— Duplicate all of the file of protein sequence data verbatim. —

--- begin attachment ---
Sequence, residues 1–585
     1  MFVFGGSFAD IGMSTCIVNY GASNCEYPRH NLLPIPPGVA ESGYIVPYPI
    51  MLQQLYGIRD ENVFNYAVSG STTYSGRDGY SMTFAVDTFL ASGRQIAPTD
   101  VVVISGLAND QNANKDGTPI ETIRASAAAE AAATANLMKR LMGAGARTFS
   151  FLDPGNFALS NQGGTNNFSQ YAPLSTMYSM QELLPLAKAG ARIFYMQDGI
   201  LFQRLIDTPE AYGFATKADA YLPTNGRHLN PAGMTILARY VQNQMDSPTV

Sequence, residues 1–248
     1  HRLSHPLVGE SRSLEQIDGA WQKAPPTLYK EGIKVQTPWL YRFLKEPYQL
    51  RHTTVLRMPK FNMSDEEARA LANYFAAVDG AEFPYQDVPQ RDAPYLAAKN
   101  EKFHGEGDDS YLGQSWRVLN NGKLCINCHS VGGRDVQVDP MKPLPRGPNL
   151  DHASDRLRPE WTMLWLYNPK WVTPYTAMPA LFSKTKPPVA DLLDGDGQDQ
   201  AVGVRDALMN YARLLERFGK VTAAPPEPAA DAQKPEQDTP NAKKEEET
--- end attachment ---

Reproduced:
Sequence, residues 1–585
     1  MFVFGGSFAD IGMSTCIVNY GASNCEYPRH NLLPIPPGVA ESGYIVPYPI
    51  MLQQLYGIRD ENVFNYAVSG STTYSGRDGY SMTFAVDTFL ASGRQIAPTD
   101  VVVISGLAND QNANKDGTPI ETIRASAAAE AAATANLMKR LMGAGARTFS
   151  FLDPGNFALS NQGGTNNFSQ YAPLSTMYSM QELLPLAKAG ARIFYMQDGI
   201  LFQRLIDTPE AYGFATKADA YLPTNGRHLN PAGMTILARY VQNQMDSPTV

Sequence, residues 1–248
     1  HRLSHPLVGE SRSLEQIDGA WQKAPPTLYK EGIKVQTPWL YRFLKEPYQL
    51  RHTTVLRMPK FNMSDEEARA LANYFAAVDG AEFPYQDVPQ RDAPYLAAKN
   101  EKFHGEGDDS YLGQSWRVLN NGKLCINCHS VGGRDVQVDP MKPLPRGPNL
   151  DHASDRLRPE WTMLWLYNPK WVTPYTAMPA LFSKTKPPVA DLLDGDGQDQ
   201  AVGVRDALMN YARLLERFGK VTAAPPEPAA DAQKPEQDTP NAKKEEET